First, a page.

${{e}^{\int{P\left( x \right)dx}}}={{e}^{\int{\dfrac{1}{{{\left( 1-{{x}^{2}} \right)}^{\dfrac{3}{2}}}}dx}}}............\left( 3 \right)$
Let$x=\cos \theta $, so $dx=-\sin \theta d\theta $
Putting the value of x and dx in equation (3) we will get:
 ${{e}^{\int{P\left( x \right)dx}}}={{e}^{\int{\dfrac{1}{{{\left( 1-{{\cos }^{2}}\theta \right)}^{\dfrac{3}{2}}}}(-\sin \theta )d\theta }}}$
$\Rightarrow {{e}^{\int{P\left( x \right)dx}}}={{e}^{\int{\dfrac{-\sin \theta }{{{\sin }^{3}}\theta }dx}}}$
$\Rightarrow {{e}^{\int{P\left( x \right)dx}}}={{e}^{\int{-{{\operatorname{cosec}}^{2}}\theta dx}}}$
And we know that $-{{\int{\operatorname{cosec}}}^{2}}\theta d\theta =\cot \theta +c$
So, ${{e}^{\int{P\left( x \right)dx}}}={{e}^{\cot \theta }}$
Now, we will put $x=\cos \theta $, in Q(x):
$Q\left( x \right)=\dfrac{x}{{{\left( 1-{{x}^{2}} \right)}^{2}}}+\dfrac{1}{{{\left( 1-{{x}^{2}} \right)}^{\dfrac{3}{2}}}}$
$Q\left( \theta \right)=\dfrac{\cos \theta }{{{\left( 1-{{\cos }^{2}}\theta \right)}^{2}}}+\dfrac{1}{{{\left( 1-{{\cos }^{2}}\theta \right)}^{\dfrac{3}{2}}}}$
$\Rightarrow Q\left( \theta \right)=\dfrac{\cos \theta }{{{\sin }^{4}}\theta }+\dfrac{1}{{{\sin }^{3}}\theta }$
$\Rightarrow Q\left( \theta \right)=\dfrac{\cos \theta +\sin \theta }{{{\sin }^{4}}\theta }$
Now, we will put the value of ${{e}^{\int{P\left( x \right)dx}}}$, Q(x), and dx in equation $y{{e}^{\int{P\left( x \right)dx}}}=\int{Q\left( x \right)}\times {{e}^{\int{P\left( x \right)dx}}}dx$
$\Rightarrow y{{e}^{\cot \theta }}=\int{\left( \dfrac{\cos \theta +\sin \theta }{{{\sin }^{4}}\theta } \right)}\times {{e}^{\cot \theta }}\times \left( -\sin \theta \right)d\theta $
$\Rightarrow y{{e}^{\cot \theta }}=-\int{\left( \dfrac{\cos \theta +\sin \theta }{{{\sin }^{3}}\theta } \right)}\times {{e}^{\cot \theta }}d\theta $
$\Rightarrow y{{e}^{\cot \theta }}=-\int{\left( \dfrac{\cos \theta }{{{\sin }^{3}}\theta } \right)}\times {{e}^{\cot \theta }}d\theta -\int{\left( \dfrac{1}{{{\sin }^{2}}\theta } \right)}\times {{e}^{\cot \theta }}d\theta $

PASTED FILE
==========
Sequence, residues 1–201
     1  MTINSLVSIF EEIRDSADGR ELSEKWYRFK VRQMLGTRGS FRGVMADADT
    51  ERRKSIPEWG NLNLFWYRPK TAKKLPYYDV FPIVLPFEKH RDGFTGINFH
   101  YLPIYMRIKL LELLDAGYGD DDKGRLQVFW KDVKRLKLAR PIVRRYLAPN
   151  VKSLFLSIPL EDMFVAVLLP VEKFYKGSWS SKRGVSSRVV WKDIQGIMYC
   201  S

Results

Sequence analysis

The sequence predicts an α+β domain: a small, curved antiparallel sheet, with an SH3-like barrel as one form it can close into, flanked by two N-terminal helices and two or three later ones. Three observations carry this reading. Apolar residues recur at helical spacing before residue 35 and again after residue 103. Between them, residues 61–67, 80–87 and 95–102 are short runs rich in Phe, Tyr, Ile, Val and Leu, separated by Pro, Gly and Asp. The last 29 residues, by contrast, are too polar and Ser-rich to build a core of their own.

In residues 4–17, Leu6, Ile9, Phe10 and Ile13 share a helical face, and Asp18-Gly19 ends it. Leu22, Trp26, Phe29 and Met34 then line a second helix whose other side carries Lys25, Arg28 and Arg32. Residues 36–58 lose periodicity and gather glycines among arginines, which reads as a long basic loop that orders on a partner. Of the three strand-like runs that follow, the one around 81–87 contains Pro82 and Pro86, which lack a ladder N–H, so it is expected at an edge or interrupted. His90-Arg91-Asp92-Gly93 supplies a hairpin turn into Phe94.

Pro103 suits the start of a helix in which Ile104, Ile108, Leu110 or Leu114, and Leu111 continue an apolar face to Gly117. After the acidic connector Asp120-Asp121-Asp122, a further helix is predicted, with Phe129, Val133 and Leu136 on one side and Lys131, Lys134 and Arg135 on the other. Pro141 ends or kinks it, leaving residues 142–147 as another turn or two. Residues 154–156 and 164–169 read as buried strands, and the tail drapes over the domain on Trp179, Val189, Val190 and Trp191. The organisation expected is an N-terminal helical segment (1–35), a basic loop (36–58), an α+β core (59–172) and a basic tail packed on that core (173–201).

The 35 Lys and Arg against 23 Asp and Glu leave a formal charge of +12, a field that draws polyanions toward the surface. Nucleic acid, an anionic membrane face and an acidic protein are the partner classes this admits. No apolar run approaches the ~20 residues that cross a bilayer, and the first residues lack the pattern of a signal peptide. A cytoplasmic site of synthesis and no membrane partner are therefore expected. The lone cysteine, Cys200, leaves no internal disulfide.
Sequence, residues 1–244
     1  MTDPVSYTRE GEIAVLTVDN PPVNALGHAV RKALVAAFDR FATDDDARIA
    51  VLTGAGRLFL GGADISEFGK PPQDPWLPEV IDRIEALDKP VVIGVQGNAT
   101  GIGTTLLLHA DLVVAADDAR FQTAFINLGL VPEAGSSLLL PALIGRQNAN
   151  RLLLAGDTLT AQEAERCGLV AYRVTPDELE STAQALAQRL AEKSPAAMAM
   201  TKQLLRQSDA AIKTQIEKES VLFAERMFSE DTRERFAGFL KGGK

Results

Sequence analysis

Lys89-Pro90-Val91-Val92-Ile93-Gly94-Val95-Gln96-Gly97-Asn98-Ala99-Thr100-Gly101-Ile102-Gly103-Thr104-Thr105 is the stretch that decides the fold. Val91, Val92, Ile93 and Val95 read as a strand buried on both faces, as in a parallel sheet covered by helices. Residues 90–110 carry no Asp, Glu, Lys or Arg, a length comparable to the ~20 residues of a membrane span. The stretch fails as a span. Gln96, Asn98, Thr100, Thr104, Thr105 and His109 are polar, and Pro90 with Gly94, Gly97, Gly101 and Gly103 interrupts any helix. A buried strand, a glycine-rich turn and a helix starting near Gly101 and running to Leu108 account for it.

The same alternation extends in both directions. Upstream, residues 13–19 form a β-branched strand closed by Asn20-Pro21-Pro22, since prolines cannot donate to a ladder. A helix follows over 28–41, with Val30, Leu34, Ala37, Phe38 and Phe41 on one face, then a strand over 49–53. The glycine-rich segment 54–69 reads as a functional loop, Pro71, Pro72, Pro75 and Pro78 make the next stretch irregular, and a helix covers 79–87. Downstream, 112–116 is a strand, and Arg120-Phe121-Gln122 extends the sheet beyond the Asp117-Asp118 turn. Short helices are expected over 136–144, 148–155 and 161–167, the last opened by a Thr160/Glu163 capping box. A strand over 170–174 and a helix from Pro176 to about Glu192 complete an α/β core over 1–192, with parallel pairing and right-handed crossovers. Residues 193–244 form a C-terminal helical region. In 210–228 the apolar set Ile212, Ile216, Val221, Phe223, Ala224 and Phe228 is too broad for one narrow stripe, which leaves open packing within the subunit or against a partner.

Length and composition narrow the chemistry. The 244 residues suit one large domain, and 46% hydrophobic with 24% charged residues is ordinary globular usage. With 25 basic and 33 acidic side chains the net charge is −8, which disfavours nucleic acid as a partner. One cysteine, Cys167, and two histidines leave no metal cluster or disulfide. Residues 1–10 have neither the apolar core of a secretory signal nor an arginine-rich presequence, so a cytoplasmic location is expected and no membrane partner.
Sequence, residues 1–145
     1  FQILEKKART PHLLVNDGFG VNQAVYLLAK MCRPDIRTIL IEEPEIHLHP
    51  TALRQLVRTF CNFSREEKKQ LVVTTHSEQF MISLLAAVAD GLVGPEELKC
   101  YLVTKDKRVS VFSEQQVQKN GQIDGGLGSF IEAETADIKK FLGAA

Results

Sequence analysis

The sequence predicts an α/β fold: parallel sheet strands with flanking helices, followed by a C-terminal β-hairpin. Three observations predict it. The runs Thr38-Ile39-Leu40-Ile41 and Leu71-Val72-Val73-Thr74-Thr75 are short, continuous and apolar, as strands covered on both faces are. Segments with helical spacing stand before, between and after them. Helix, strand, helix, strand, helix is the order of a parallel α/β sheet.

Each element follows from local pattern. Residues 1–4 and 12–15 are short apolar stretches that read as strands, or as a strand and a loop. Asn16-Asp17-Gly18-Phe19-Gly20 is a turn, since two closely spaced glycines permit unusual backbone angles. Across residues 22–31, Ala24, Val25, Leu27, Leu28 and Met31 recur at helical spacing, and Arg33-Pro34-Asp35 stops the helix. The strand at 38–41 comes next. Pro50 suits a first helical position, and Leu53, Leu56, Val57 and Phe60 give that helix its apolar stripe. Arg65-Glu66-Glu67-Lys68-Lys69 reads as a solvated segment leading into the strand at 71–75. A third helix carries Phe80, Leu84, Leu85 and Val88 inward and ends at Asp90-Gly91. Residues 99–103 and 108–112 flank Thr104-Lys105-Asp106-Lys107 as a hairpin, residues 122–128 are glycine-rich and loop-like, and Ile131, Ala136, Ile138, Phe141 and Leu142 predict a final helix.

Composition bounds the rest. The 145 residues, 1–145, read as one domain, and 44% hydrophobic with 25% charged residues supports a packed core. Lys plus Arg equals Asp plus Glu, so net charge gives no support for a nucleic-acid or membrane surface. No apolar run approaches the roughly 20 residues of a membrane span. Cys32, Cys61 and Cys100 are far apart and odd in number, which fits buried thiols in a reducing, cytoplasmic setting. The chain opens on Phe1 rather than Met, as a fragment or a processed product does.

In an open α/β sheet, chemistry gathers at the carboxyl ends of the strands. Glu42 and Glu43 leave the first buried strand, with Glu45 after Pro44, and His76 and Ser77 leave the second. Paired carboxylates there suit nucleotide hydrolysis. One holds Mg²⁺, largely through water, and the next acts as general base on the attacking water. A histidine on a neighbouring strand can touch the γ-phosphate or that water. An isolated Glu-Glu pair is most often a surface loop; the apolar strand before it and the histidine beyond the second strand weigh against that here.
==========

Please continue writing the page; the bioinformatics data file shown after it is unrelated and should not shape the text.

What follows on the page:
$\Rightarrow y{{e}^{\cot \theta }}=-\int{{{\operatorname{cosec}}^{2}}\theta \cot \theta }\times {{e}^{\cot \theta }}d\theta -\int{{{\operatorname{cosec}}^{2}}\theta }\times {{e}^{\cot \theta }}d\theta $
Let $\cot \theta =t$, then $dt=-{{\operatorname{cosec}}^{2}}\theta d\theta $
Now, we will put ‘t’ in place $\cot \theta $ and $dt$ in place of $-{{\operatorname{cosec}}^{2}}\theta d\theta $.
$\therefore y{{e}^{\cot \theta }}=\int{t}\times {{e}^{t}}dt+\int{{{e}^{t}}}dt$
We will use integration by parts as $\int u.v dx = u \int{v} dx - \int(u’)(v)dx$ to solve $\int{t}\times {{e}^{t}}dt$ where $u =t$ and $v= {{e}^{t}}$
$\Rightarrow y{{e}^{\cot \theta }}=t{{e}^{t}}-\int{{{e}^{t}}dt+\int{{{e}^{t}}dt}}$
$\Rightarrow y{{e}^{\cot \theta }}=t{{e}^{t}}+C$
Now, we know that $\cot \theta =t$, so:
$\Rightarrow y{{e}^{\cot \theta }}=\cot \theta \times {{e}^{\cot \theta }}+C$
So, $y=\cot \theta +C{{e}^{-\cot \theta }}$
Now, since we have assumed above that $x=\cos \theta $
So, $\sin \theta =\sqrt{1-{{x}^{2}}}$, so $\cot \theta =\dfrac{x}{\sqrt{1-{{x}^{2}}}}$
So, $y=\dfrac{x}{\sqrt{1-{{x}^{2}}}}+C{{e}^{-\left( \dfrac{x}{\sqrt{1-{{x}^{2}}}} \right)}}$
This is our required solution.

Note: Since we have seen that there is a lot of calculation and integrating term in the above solution. So, students are required to be familiar with all integration types and formulas and avoid calculation mistakes and also assume such terms as t which will make our calculation easy.